Road to rep-rap modeling


Well i decided to go for a mendel rep-rap, out of a creationist hobby or as in second life I’m a builder, and in real an artist.
Now it appears to me that a few people did this before, use blender for creating 3d objects.

As I would like to get also into this and learn a bit from it, before i assemble the 3d printer.
I have some question for those who are into it.

  • What is the road of format conversions to a final format so that a mendl printer can print it ?
    What software did you use besides blender.
  • How do you deal with metrics (so 10 cm in blender is exact 10 cm in your final product)
    In general how do you change or set seizes of lines so that
    after you made something can correct something to a certain distance in blender ?
  • How do you strengthen, or optimize shapes so final products become less fragile

I also wonder since I’ve seen how blender can interact with video (one of the new features) if maybe in the near future blender will be able to scan objects for 3d usage, i think the math involved in that video scanning is a great starting point for such. As it does already recognize 3d info from a 2d camera movie.

As I know none of 3d packages handle STL export and G-code well. Most guys in Polish reprap community prefer Netfabb for STL optimization.

  1. Reprap software uses models in the stl format. Blender has an exporter for that format, so no problem. Then you’ll have to use a “slicer” to, well, “slice” the model into layers and generate gcode for the host software that sends the commands to your machine. Common slicers are Slic3r (easy to use) and skeinforge (tougher learning curve, more accurate, but slower). There are others (Kisslicer, Cura, etc)
  2. 1 Blender unit = 1mm.
  3. I guess this comes with experience. My first models were humorously over-built. I print in PLA, and I’ve had no problems making my models strong enough for my needs. It’s more of a challenge to make something that prints well but isn’t wasteful of plastic. Download models from and learn from the work of others. I posted a model a few days ago that is very complicated and 100% Blender (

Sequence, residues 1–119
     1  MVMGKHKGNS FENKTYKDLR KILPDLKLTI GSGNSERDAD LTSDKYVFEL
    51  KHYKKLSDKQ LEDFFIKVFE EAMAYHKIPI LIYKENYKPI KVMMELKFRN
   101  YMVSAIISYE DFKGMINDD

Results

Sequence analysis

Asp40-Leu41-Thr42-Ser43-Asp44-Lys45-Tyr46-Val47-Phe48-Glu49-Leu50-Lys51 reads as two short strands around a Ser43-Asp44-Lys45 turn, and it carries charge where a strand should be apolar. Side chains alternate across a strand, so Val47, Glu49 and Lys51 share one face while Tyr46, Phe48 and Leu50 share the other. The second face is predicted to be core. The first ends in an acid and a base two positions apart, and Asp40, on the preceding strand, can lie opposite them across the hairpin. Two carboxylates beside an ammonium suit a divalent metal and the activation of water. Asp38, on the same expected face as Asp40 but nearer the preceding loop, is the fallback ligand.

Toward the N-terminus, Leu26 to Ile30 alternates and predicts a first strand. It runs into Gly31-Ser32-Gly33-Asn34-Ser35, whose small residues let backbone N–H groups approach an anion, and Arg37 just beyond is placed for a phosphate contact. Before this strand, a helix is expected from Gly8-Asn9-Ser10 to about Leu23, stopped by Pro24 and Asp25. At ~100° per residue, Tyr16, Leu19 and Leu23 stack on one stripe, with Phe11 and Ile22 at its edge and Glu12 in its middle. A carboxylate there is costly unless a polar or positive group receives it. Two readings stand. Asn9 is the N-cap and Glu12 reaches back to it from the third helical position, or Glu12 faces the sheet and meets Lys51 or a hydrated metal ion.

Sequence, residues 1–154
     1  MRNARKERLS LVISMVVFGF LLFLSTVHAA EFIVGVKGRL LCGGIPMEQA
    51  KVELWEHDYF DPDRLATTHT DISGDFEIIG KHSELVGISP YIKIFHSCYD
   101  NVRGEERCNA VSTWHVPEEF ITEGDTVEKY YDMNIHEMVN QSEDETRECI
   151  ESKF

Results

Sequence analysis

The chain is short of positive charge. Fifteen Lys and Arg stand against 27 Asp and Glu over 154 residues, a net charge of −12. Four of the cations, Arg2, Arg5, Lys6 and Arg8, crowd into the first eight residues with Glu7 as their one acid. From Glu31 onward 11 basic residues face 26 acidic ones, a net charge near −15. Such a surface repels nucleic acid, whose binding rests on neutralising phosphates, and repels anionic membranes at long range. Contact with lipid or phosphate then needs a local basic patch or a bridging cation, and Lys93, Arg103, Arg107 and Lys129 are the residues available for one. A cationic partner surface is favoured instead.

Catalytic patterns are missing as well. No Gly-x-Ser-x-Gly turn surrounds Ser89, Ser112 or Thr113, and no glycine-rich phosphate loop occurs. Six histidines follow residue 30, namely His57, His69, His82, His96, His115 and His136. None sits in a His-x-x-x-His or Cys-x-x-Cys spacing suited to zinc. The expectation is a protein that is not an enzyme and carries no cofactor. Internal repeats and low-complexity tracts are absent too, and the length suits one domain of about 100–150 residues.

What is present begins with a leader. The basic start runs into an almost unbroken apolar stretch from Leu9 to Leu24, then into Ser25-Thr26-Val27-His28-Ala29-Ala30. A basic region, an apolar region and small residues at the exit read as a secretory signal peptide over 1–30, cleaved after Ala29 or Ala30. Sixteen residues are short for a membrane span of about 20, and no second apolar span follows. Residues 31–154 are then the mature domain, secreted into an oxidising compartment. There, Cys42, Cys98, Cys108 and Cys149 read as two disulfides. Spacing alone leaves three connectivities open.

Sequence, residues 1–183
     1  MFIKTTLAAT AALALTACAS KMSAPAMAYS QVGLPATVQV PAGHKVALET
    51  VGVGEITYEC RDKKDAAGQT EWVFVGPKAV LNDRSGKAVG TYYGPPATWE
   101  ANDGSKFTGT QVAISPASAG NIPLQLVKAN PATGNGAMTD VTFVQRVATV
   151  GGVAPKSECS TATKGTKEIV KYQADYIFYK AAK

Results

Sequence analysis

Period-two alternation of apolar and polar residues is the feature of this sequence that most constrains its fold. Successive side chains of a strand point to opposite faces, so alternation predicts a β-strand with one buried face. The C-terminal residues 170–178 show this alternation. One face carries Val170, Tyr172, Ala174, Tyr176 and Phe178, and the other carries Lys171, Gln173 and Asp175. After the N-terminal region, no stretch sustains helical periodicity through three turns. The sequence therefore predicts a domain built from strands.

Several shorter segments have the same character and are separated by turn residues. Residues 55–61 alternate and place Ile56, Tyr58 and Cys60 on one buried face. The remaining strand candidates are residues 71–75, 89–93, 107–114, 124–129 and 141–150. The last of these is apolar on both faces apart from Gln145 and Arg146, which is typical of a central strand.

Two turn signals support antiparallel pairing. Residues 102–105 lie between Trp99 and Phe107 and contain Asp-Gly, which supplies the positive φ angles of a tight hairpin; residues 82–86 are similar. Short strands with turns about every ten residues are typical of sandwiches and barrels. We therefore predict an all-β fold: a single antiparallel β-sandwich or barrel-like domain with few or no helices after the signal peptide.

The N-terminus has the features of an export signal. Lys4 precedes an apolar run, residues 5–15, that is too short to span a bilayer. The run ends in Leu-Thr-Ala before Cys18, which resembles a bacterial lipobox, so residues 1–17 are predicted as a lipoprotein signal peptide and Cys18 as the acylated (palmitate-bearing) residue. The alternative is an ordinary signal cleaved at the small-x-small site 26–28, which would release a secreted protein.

Have fun! It can be frustrating at times getting a machine up and running, but once you’ve got it all sorted, a 3D printer opens many opportunities for a “maker”.

(your scanner question is beyond my expertise).

  1. 1 Blender unit = 1mm.

Not sure where you got this (some exporter default?) but in general one BU is considered 1 meter for the areas where it is relevant (physics simulation, for instance).
You can also specifically set units in preferences to help with modeling (but I’m not sure whether simulation will honor that)

In general, changing the scale of the entire model will likely be an option in an exporter, otherwise you can just scale the objects in blender by a given ratio manually.

P.S: the word creationist may not mean what you expect, I think the word you are looking for is ‘creative’

@Zalamander - I was addressing his question regarding reprap software, not physics sim, etc. As reprap software interprets them, STLs from Blender are scaled such that 1 Blender unit = 1mm. It’s that simple.

@Zalamander - I was addressing his question regarding reprap software, not physics sim, etc. As reprap software interprets them, STLs from Blender are scaled such that 1 Blender unit = 1mm. It’s that simple.

So the startup cube is 1 mm ?.
your model looks great is it an egg alarm perhaps ?.. would be fun as alarm clock

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As built, it’s just a regular clock using a quartz clock movement which can be bought from many sources, or taken out of most cheap clocks. But since this is a do-it-yourself kind of thing, you can make it what you want. There’s a lot of room inside the body for stuff.

Regarding Monio’s comment - I’ve had no trouble with STLs exported from Blender. That’s assuming the work was done following good modeling practices. The object has to be manifold, face normals consistent, the proper scale, mesh and object’s origin near 0,0,0. Since you control the topology in Blender, unlike with solid modeling software, any problems are your own fault. Solid modeling programs sometimes export topology that make an old mesher like me shudder, and those are the files that have to be run through the software Monio mentions.

Is it that hard to slice a model and use the slices for creating a G-code ?? i would have thought this wouldnt be too hard.
Rendering seams much more complex to me